People old enough to recall the fall of 1981 might remember the huge fuss that occurred when the Atlantic published William Greider’s article “The Education of David Stockman,” in which Reagan’s budget director went overnight from whiz kid to Deep Throat. For readers too young, or anyone wanting their memory refreshed, here’s part of my account of the debacle in The Age of Reagan:
“I’ve never believed that just cutting taxes alone would cause output and employment to expand,” Stockman told Greider. It got worse: “Kemp-Roth was always a Trojan horse to bring down the top rate.” Greider thought “This seemed a cynical concession for Stockman to make in private conversation while the Reagan Administration was still selling the supply-side doctrine to Congress.” From the immediate sequel in the article, it appears Greider pressed Stockman on this issue, and Stockman admitted that Reaganomics was no more than its liberal critics had made it out to be. Stockman: “It’s kind of hard to sell ‘trickle down,’ so the supply-side formula was the only way to get a tax policy that was really ‘trickle down.’ Supply-side is ‘trickle-down’ theory.” Later in the article Stockman seemed to imply that supply-side economics was a “crackpot theory.”
At first the article received only secondary notice in the media, with a few short wire service stories buried far back in the news pages of the major papers. But when CBS Evening News led with the Atlantic story two days after the magazine hit the newsstands, it propelled it into a bombshell. The New York Times put the story on the front page: “Stockman’s Views Touch Off Furor,” and the story was the focus of the punditocracy for more than a week. Typical of the media judgment of the episode was Hobart Rowen’s column in the Washington Post: “Stockman is saying flat out that Reaganomics is a failure, and the economic arguments for it were fraudulent—and he knew it.” The New York Times editorial page said “The Reagan Administration’s vaunted economic policy cannot work; the Administration knows that; and yet the Administration keeps on flogging it as just the medicine America needs,” and went on to compare Reagan’s “deception” to Lyndon Johnson’s disastrous decision to pursue “guns and butter” in the 1960s. Ecstatic Democrats claimed vindication, and read the entire article into the Congressional Record as though it was the equivalent of the Pentagon Papers. Tip O’Neill was triumphant: “The architect of the Administration’s program is admitting exactly what I and other critics have been saying for six months.” . . . The Atlantic article finished off what little political momentum Reaganomics had left.
This episode is relevant because of Ryan Lizza’s recent New Yorker article “The Obama Memos,” especially its revelation of a 57-page memo on economic policy that Larry Summers sent to Obama during the transition period, in which Summers warned Obama about the limits of Keynesian stimulus spending and the broader fiscal abyss the nation was facing. (You can view the actual memo here.) Although Summers joined the Administration as director of the national economic council, Obama and his political team obviously ignored Summers.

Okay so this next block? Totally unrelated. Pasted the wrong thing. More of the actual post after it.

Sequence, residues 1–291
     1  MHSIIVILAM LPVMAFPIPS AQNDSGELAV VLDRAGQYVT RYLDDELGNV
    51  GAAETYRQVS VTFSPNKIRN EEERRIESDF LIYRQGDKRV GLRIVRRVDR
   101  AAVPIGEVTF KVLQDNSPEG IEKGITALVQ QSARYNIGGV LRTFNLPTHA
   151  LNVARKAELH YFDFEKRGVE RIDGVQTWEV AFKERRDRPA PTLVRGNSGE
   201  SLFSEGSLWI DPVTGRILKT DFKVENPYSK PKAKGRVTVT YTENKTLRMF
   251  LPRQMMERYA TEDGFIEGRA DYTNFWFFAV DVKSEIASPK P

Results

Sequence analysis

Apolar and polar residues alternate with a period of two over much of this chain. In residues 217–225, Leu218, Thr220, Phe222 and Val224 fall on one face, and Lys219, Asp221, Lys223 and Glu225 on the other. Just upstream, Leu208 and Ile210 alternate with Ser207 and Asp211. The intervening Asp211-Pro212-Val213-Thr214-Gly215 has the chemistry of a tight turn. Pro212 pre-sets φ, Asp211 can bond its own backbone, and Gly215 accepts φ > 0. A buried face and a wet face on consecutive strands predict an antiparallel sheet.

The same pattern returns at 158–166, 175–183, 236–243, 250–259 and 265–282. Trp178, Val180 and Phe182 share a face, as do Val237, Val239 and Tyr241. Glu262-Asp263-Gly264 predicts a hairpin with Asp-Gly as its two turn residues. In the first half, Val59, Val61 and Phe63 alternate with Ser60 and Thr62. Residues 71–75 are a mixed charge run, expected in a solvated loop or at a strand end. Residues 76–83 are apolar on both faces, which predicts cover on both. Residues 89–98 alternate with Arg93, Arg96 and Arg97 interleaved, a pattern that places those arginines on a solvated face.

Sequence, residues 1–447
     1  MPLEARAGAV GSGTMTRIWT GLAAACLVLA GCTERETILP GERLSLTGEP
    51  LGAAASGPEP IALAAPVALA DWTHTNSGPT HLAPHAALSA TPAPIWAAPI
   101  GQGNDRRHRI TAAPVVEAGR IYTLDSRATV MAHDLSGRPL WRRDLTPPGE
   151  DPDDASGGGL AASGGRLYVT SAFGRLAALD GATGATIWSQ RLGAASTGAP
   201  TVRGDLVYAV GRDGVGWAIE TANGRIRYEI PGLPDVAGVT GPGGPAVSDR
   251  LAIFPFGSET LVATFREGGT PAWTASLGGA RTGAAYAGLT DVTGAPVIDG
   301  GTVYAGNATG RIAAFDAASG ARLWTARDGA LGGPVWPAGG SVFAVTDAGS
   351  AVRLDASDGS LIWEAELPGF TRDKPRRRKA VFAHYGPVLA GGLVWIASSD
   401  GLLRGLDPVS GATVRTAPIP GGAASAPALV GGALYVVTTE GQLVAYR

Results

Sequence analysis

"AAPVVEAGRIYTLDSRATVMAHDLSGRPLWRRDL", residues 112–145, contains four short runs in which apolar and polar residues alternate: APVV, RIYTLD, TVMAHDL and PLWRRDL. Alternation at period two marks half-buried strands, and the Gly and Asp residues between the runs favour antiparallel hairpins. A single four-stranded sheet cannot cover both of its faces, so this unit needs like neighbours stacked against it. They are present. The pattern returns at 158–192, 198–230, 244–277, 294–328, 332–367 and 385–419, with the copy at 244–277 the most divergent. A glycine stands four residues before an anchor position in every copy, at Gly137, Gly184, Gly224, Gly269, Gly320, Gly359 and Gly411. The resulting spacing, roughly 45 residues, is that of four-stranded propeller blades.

Lizza’s New Yorker article ought to be to Obama what Stockman’s confessions to The Atlantic were to Reagan: a major media bonfire. It has attracted some attention, but not as much as it ought to have. My AEI colleague James Pethokoukis outlines 11 stunning revelation from the Summers memo, with quotes from the text:
1. The stimulus was about implementing the Obama agenda.
The short-run economic imperative was to identify as many campaign promises or high priority items that would spend out quickly and be inherently temporary. … The stimulus package is a key tool for advancing clean energy goals and fulfilling a number of campaign commitments.
2. Team Obama knows these deficits are dangerous (although it has offered no long-term plan to deal with them).
Closing the gap between what the campaign proposed and the estimates of the campaign offsets would require scaling back proposals by about $100 billion annually or adding new offsets totaling the same. Even this, however, would leave an average deficit over the next decade that would be worse than any post-World War II decade. This would be entirely unsustainable and could cause serious economic problems in the both the short run and the long run.
3. Obamanomics was pricier than advertised.
Your campaign proposals add about $100 billion per year to the deficit largely because rescoring indicates that some of your revenue raisers do not raise as much as the campaign assumed and some of your proposals cost more than the campaign assumed. … Treasury estimates that repealing the tax cuts above $250,000 would raise about $40 billion less than the campaign assumed. … The health plan is about $10 billion more costly than the campaign estimated and the health savings are about $25 billion lower than the campaign estimated.
For the other eight of Jim’s observations, click here.
My question is, where is the CBS Evening News on this story? Why isn’t the New York Times all over it? Oh, why am I asking such a silly question? Mitt Romney’s tax returns are so much more important, obviously.